This re-imagining plays fast-and-loose with the source mythology. To be fair, this comes from Miller and Wheeler, but those with an affinity for all things Arthurian, should prepare for significant tweaks and changes in Cursed. As the tale begins, Merlin is a drunk with no magic powers to speak of. Arthur, though good at heart, trucks with a gang of brigands and rogues. We meet characters in one capacity, with one identity, only to learn they’re actually a character we’re already familiar with from the legend. Even then, they don’t always turn out as expected, given their identity. It can be fun to parse out, but will also surely vex a number of viewers. The narrative often relies too heavily on flashback to deliver backstory, which derails momentum for stretches.
Langford delivers a forceful heroine in Cursed, portraying Nimue as resourceful and tough, but also with much to learn about the ways of the world and who to trust. Skarsgård relishes in the depravity of his Merlin, intoxicated and devious, but with much more going on beneath the surface. Peter Mullan’s Father Carden, the vicious leader of the Red Paladins, is cold and sever. The primary antagonist, though occasionally chilling, he never develops into the terrifying figure he could have become.
Outside of these three, the rest of the cast is serviceable, though not particularly memorable. Terrell’s Arthur is little more than a pretty face and a ponytail, and Daniel Sharman plays the Weeping Monk, Carden’s rancorous right hand, as a kind of brooding goth mass murderer.
Especially at the outset, everything about Cursed looks too clean, too polished. These are people who live in huts, sleep on the ground in the woods, and work with their hands, yet everyone looks like they’ve bathed within the last 24 hours. Even characters portrayed as grubby, sweaty, and heinous are neat and tidy. Costumes are intricate and detailed, but clothes and fabric are crisp and new—apparently every character just bought an entirely new wardrobe at the same time. Nothing has ripped, nothing has faded.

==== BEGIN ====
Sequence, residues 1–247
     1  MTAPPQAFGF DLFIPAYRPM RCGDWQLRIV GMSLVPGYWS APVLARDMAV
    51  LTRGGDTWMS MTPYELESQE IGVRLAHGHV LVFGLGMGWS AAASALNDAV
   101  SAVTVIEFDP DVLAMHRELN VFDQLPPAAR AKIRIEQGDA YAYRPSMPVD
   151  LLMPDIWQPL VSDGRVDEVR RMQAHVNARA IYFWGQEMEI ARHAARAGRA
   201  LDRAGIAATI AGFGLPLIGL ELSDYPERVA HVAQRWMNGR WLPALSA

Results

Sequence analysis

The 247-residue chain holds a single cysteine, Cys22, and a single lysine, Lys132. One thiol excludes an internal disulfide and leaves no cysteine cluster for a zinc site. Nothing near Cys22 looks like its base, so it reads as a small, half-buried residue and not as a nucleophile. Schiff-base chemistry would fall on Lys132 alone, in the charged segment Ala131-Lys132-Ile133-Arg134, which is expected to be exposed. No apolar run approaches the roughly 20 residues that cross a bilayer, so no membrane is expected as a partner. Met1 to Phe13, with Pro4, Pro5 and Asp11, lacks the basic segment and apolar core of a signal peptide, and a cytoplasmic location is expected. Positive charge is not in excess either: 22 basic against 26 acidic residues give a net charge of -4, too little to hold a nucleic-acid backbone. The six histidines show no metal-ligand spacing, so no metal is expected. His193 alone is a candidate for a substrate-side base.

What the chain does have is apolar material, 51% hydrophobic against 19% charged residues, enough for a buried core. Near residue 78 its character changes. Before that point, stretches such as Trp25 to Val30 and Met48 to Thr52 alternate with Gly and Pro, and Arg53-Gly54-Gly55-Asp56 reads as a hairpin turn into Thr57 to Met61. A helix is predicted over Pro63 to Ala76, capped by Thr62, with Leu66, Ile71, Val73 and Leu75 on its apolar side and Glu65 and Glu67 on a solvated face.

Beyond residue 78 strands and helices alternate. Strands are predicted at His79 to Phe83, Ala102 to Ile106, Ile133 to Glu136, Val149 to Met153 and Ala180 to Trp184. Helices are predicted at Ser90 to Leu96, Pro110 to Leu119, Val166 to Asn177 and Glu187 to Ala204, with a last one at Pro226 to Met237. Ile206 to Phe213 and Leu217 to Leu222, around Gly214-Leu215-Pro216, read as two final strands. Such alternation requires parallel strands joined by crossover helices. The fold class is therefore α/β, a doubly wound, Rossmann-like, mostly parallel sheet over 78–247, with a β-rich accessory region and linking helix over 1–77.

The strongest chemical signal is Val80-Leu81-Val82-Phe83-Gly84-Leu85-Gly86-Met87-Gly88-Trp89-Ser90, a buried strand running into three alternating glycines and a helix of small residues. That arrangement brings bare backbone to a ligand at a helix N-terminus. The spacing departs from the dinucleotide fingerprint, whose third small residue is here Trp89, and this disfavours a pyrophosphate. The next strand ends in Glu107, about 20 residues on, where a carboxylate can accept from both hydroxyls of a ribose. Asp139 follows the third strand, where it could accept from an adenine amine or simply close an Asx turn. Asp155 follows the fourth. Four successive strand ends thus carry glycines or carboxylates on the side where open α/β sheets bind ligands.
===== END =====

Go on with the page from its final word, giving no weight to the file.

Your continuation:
It’s a similar situation with the Netflix show’s violence. Cursed is full of savage brutality—the Red Paladin’s crucify and burn people, lots of folks get hacked to bits with swords, entire villages get wiped out. Still, it’s a sanitized brutality. It’s PG-13 violence, where filmmakers can slaughter as many people as they want, but with relatively little blood. Death, at least early on, is relatively clean and toothless.
Details like these pull the viewer out of the reality the show seeks to create. As with most series, Cursed grows and evolves as it progresses, and it does improve in these areas. Nimue, Arthur, and the rest get grubbier as they go, costumes appear more lived-in, and even the violence ratchets up. It never fully becomes gritty and raw, but it does get bloodier, more realistic, and grow into the severity of fighting with swords.
Cursed won’t fill the Game of Thrones-shaped hole in your heart, but it’s a compelling distraction and offers a fantasy fix and charming high-adventure, all wrapped in a slick, sometimes too slick, package. It skews younger, for sure, which may affect your mileage. Ultimately it never dives quite as deep into the darkness as it could or should, but if you have a hankering for spells and spirits and intricate world-building, you can do worse than Cursed.